Life is about to live enjoy cherish every moment given to us by nature but in today’s globalize world we make it difficult for us to live by creating some pathetic rules and regulations and in one of them is must to follow every social media platform with the set rules of certain community.
Do all your friends live violently exciting lives showered with parties, clubs and beautiful clothes? Do they always look perfect? Are they always happy? Not long ago, a friend of mine deleted her Instagram account. I couldn’t understand why one would ever do such a thing, so I asked and her response caught me off-guard. She deleted her Instagram because she felt herself becoming depressed by it. The pressure of taking the right picture, with the right filter, wearing the right outfit, at the right place, with the right people was too much pressure. We are conditioned to project only our best, although unrealistic, identities on our social media profiles as a modern way of virtually keeping up with the Joneses. Regardless of whether you realize it, you’re spending a great deal of time and effort on the creation of your digital identity. The casting of this alternate self depends heavily on how others are projecting themselves in these arenas as well. Then what about to your ‘real’ self.
Social media puts an interesting lens on the creation of the self, and how this structure affects our thinking. The ideal self is the self we aspire to be. My ideal self would be a 25-year-old successful freelance writer who lives in a very clean house and who always takes the time to put on makeup before she leaves the house.
One’s self-image is the person we actually are based on the actions, behaviors, and habits now controlled. My self-image would be of a 25-year-old freelance writer just starting her business in a house that’s mostly clean most of the time and who forces herself not to wear pajamas everywhere.
According to Carl Rogers’s theory of personality, every human has the basic instinct to improve herself and realize her full potential
Social media is not only extremely general; it is an activity in which you are expected to participate. Not all social media is Facebook and Instagram. Think LinkedIn, the new virtual business profile quickly replacing the traditional printed resume. For example for a freelance writer, very often see job postings that insist you have a strong ‘social media presence.’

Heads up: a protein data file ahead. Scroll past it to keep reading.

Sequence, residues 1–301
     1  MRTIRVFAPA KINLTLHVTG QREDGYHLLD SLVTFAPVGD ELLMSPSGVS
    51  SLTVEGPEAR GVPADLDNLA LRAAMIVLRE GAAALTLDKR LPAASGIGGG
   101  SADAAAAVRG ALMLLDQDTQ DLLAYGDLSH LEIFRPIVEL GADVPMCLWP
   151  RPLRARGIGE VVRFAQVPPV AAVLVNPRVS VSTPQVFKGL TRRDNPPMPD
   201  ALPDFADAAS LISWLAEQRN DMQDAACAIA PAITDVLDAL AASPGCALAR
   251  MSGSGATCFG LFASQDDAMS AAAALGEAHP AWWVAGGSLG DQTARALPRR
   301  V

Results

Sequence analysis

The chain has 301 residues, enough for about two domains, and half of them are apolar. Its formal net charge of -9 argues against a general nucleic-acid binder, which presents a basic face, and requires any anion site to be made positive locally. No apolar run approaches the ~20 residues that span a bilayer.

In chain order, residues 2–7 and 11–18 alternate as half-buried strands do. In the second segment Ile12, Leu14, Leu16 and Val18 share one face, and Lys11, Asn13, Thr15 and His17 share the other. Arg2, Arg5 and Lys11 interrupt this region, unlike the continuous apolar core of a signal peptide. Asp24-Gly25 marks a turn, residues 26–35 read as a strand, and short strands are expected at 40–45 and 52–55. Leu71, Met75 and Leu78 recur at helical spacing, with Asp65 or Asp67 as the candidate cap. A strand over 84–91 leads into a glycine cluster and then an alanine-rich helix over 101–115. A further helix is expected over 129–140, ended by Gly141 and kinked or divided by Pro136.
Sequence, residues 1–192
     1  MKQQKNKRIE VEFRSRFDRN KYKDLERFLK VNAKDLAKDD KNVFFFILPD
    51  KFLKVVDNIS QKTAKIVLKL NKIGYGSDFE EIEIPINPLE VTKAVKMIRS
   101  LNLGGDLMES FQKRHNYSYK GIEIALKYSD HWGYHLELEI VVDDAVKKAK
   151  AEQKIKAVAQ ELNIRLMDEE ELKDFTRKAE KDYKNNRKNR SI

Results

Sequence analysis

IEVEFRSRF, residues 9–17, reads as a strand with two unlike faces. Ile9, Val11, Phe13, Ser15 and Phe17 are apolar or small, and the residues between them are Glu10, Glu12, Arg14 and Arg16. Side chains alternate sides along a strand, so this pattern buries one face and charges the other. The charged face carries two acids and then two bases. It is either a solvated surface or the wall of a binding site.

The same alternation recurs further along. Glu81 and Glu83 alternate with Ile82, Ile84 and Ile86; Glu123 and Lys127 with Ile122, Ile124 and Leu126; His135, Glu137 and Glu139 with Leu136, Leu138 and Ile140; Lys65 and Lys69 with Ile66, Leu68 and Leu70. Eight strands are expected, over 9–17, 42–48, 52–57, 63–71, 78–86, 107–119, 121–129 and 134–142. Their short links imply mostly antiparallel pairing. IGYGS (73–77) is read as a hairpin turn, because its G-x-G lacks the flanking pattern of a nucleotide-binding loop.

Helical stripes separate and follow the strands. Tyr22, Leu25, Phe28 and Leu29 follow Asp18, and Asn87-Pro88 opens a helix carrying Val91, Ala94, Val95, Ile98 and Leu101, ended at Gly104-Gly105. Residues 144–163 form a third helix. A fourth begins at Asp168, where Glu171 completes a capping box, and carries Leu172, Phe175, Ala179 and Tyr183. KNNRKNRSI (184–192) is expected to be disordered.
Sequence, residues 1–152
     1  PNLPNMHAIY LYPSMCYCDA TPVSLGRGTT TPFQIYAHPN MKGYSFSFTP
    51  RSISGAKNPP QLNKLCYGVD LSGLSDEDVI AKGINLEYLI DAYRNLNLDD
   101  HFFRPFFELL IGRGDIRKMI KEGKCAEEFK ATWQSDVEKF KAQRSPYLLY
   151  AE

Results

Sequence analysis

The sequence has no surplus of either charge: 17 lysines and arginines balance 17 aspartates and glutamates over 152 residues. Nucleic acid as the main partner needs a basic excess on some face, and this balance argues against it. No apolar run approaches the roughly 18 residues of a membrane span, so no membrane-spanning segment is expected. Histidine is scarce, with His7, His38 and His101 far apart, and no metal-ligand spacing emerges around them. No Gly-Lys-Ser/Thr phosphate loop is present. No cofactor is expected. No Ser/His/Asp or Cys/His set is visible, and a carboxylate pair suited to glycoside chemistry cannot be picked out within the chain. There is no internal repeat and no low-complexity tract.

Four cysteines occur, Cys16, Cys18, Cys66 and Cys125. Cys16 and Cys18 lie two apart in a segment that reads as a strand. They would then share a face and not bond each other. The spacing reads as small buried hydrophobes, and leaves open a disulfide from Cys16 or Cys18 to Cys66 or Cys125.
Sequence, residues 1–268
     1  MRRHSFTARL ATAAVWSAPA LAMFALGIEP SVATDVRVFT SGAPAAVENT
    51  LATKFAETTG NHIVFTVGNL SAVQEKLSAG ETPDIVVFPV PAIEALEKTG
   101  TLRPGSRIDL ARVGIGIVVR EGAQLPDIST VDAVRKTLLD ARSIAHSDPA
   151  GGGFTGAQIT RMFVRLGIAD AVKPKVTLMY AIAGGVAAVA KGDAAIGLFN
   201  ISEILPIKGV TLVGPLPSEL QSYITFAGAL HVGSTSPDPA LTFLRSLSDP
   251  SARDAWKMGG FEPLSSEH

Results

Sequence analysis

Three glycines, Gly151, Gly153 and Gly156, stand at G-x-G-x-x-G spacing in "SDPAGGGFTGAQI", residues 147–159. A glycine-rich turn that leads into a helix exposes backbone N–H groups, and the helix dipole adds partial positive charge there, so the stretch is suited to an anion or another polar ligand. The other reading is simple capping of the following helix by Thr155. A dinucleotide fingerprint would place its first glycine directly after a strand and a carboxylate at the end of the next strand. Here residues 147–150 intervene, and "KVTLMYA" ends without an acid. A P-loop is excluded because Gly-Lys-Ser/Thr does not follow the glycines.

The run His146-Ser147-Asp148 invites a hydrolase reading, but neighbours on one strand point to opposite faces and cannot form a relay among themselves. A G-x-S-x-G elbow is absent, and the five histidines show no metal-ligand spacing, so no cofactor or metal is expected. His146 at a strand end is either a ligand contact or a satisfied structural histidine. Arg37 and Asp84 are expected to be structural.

I have this love/hate relationship with social media. On the one hand, social media creates a connection between people, content, and businesses that we really didn’t have a decade ago. But like all good things, there’s a dark side.
The dark side of social media is the perception of perfection. We are all guilty of it, even those of us who don’t have shame in posting photos of toddlers behaving badly. From fabulous foods to glamorous vacations; Instagram, Facebook and Twitter are filled with them. But the truth of the matter is, it’s only a portion of the story. The best part, yes but it’s not all great all the time.
What can we learn from this? Take social media for what it’s worth. Understand that behind the perfection are flaws. I wish everyone would post a little more about the bumps in the road. We see all the wonderful moments, but in reality it’s only a bit of truth. Behind the fabulous vacation were the hours of packing, fighting with the kids, delayed plane rides, rude locals, and crappy hotel rooms. Those are the in-between moments that we aren’t posting.
At people aged 16 to 24 this age group is vulnerable when it comes to mental health problems. And social media can cause such problems, or make them much worse. “On Facebook and Instagram, everything looks perfect,” According to research, some 75% of mental health problems in adults begin before the age of 25, Social media adding its role in this regard.
For obvious reasons, people do not advertise their negative traits on their social profiles, nor do they pose unflattering pictures. Because of this strict control of the way we are viewed, we are often fooled into believing other people’s lives are much better than our own. What is essential to remember is they too wear masks, the way I do, the way everyone does.
Here the suggestion includes talking in person to friends and family about how you’re feeling about something and taking part in social activities outside the house, like sport. Do spend time somewhere tranquil to get away from noise and stress, like a forest or a library. Try turning off your phone while you’re at it, or even leaving it at home for a change.